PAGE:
Remember that a person’s name is to that person the sweetest and most important sound in any language.
But how do you actually remember people’s names so that you can use them?
It’s, well, hard.
We would all like to consistently give others that “sweetest and most important sound.” It makes people feel good and it, in turn, gives people a favorable impression of you. This is important for building personal connections, especially in any type of business networking environment.
Because it’s not really who you know that matters — it’s whose name you know. And, more importantly, who knows yours.
I struggle remembering people’s names. A lot.
I often find myself thinking about what I am going to say next while someone is introducing themselves — fear of looking like a fool, I guess.
I don’t realize I’m doing this in the moment. I hear the person say his or her name, but I’m not really listening. And as quickly as the end of the conversation … I’ve forgotten the name. What chance do I have to remember it hours, or days, or weeks later?
And when you have to re-introduce yourself the next time you see someone, it’s almost like starting off back at square one. That’s no way to build a network.
Hence why I’ve been making it more of a priority to learn people’s names. And something has surprised me, a lot …
It’s really not that hard.
You just have to want to do it, and you have to be willing to alter your behaviors to get better at it.
Below are five steps that I’ve personally taken recently to get better at remembering people’s names. If you share this objective, then I bet one or all of them can help you out.
Oh, and let me kill the suspense: I’m not going to be uncovering any secrets here.
These are all time-tested methods for remembering names that I’ve heard in countless other places. (One notable recent place is Chris Brogan’s latest book, The Freaks Shall Inherit the Earth.) I’ve just finally stopped being stubborn and am actually doing them — and they’re working.
1. Listen, you nincompoop.
When someone is about to reveal their name, stop and listen.
Don’t think about what you’re going to say next, stop worrying if they notice your hair is hilariously wind-blown, and forget about whether you left the front door unlocked at home.
For that split second, nothing in the entire universe should matter more than the name of the person you’re talking to. You can’t just hear it. You have to listen. It has to register.
2. Say the name out loud (quickly)
As soon as the person states their name, restate it.
Them: “Hi, my name is Geronimo.”
You: “Geronimo, it’s really a pleasure to meet you.”
Maybe you can even find another excuse to say it.
You, turning to your date: “Geronimo, this is my date Josephine. Geronimo works at my company in a different department.”
Whatever your method, find a way or two to say the name out loud, and look at the person when you do, because you want to …
3. Make some kind of mental connection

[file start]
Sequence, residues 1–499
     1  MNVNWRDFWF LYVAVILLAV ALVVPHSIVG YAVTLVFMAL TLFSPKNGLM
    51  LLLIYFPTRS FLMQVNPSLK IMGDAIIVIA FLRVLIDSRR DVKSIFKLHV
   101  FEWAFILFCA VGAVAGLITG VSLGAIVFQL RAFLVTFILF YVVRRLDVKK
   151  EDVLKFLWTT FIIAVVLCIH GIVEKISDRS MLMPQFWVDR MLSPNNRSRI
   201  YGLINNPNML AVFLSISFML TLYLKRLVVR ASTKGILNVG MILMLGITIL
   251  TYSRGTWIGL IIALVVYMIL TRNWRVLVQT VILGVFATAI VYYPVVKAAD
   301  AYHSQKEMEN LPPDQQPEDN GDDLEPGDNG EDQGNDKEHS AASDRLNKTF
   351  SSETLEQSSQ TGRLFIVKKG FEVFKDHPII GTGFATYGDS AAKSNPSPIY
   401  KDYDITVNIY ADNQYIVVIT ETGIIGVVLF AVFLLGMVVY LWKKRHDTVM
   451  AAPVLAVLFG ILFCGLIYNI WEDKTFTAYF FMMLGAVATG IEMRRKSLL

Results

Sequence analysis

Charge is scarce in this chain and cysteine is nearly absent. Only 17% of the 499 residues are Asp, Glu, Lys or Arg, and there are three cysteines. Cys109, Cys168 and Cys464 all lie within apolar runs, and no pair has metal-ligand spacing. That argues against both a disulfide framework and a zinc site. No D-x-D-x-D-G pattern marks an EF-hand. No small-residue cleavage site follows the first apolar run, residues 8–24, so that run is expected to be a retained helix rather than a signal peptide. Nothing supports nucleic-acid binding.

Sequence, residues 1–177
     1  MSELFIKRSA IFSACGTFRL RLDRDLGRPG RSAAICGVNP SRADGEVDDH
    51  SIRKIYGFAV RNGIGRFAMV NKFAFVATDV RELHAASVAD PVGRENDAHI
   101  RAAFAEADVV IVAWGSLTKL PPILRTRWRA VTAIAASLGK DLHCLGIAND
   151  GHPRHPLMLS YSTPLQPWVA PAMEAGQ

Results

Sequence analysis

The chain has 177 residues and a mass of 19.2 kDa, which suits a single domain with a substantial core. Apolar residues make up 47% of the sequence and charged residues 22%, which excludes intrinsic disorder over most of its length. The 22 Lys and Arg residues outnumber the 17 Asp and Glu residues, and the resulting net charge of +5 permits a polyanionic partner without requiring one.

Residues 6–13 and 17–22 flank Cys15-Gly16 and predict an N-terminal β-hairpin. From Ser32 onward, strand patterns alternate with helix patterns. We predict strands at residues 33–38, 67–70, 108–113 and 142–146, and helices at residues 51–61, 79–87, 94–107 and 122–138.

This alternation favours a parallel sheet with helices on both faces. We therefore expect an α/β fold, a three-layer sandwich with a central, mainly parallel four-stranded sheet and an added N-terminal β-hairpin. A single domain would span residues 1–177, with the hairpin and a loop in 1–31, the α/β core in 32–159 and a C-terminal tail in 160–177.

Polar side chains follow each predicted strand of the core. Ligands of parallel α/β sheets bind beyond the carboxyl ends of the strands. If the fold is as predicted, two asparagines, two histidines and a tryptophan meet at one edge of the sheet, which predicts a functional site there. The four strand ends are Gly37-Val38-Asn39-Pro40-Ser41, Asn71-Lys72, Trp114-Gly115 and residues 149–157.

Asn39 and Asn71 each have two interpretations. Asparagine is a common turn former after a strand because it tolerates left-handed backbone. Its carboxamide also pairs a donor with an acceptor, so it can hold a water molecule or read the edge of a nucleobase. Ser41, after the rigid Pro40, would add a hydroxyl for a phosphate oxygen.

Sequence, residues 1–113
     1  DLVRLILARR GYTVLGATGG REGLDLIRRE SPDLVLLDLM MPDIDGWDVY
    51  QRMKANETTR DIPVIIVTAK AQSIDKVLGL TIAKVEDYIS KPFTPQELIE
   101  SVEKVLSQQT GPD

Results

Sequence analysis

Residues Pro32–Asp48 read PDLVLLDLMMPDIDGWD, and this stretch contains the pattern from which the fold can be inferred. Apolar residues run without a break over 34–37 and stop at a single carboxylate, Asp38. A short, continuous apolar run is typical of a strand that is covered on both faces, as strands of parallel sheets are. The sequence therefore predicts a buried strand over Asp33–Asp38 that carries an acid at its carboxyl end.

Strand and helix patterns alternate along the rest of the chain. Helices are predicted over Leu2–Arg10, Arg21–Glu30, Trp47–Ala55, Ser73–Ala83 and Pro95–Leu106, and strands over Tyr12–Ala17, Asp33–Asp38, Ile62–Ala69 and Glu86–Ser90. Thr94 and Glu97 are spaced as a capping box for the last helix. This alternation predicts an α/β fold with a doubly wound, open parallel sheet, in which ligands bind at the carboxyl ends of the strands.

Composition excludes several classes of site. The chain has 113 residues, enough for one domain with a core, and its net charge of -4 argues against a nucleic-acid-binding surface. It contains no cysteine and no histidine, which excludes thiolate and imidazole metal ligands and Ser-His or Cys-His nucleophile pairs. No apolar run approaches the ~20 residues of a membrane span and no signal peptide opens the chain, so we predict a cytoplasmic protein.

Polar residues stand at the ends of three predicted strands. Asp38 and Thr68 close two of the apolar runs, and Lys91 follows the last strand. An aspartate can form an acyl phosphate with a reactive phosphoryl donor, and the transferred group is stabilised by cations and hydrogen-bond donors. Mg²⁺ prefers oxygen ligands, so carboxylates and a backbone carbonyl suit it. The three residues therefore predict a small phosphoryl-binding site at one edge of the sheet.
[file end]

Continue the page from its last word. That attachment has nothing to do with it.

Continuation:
You’ve got to get this person, and their name, into your mental memory palace.
Is there anything unique about the person? Maybe, maybe not. Not everyone has a memorable face or wears something that sticks in your head.
Still, attach the name to something.
Jane — older lady and has the white, fluffy maltese
Bill — wore the bright red tie, drinks Mountain Dew
Attaching something to a name will help you remember it down the line. The more ways you can connect the name to other thoughts, ideas, and memories in your head, the easier it will be to recall later.
4. Record the name
This one has been helping me a ton.
As soon as I walk away from meeting someone, I jot down their name and whatever connection I made using the Notes app of my iPhone. I just keep a running tally.
No, this isn’t always possible — especially at a busy event where you are meeting new people left and right. But even in those situations, you can use this tip in these two ways:
- After the event, jot down as many names and quick descriptions as you remember.
- If you meet someone whose name you really want to remember, find the first opportunity after you’re done talking with them to jot down their name. (This is a great time to slip away to the restroom or bar.)
And the final tip, drumroll please …
5. Use the name every time you see the person!
After you meet someone — and you’ve listened to their name, said it aloud, made a connection, and recorded it — address them by name the next time you see them.
That’s the whole goal, right? We want to give people that sweet and important sound.
You’ve done the work to remember, so just come right out with it.
Francine! Hey, how are you?
Jedediah, it’s great to see you again!
Boom. Right there, you’ve reestablished the connection, they feel good about you because you remembered their name, and the interaction begins on a connected, confident note.
(Doing this is an absolute must for remembering the names of acquaintances who you don’t see often.)
Work this five-step process for each person that you meet, and you’ll start remembering names better immediately.
It’s a bit of a mental hassle at first, but that’s to be expected. You’ve been forgetting names because of bad habits, so you have to replace the bad habits with good ones — which takes time.
But it’s well worth it.
You make another human being feel important every time you remember their name. And making others feel important is one of the most generous impacts we can have on a daily basis.
What other tips and tricks have you learned over the years that help you remember peoples’ names?
Image credit: “He Sells Success – Dale Carnegie” from the Collections of the Museum of the City of New York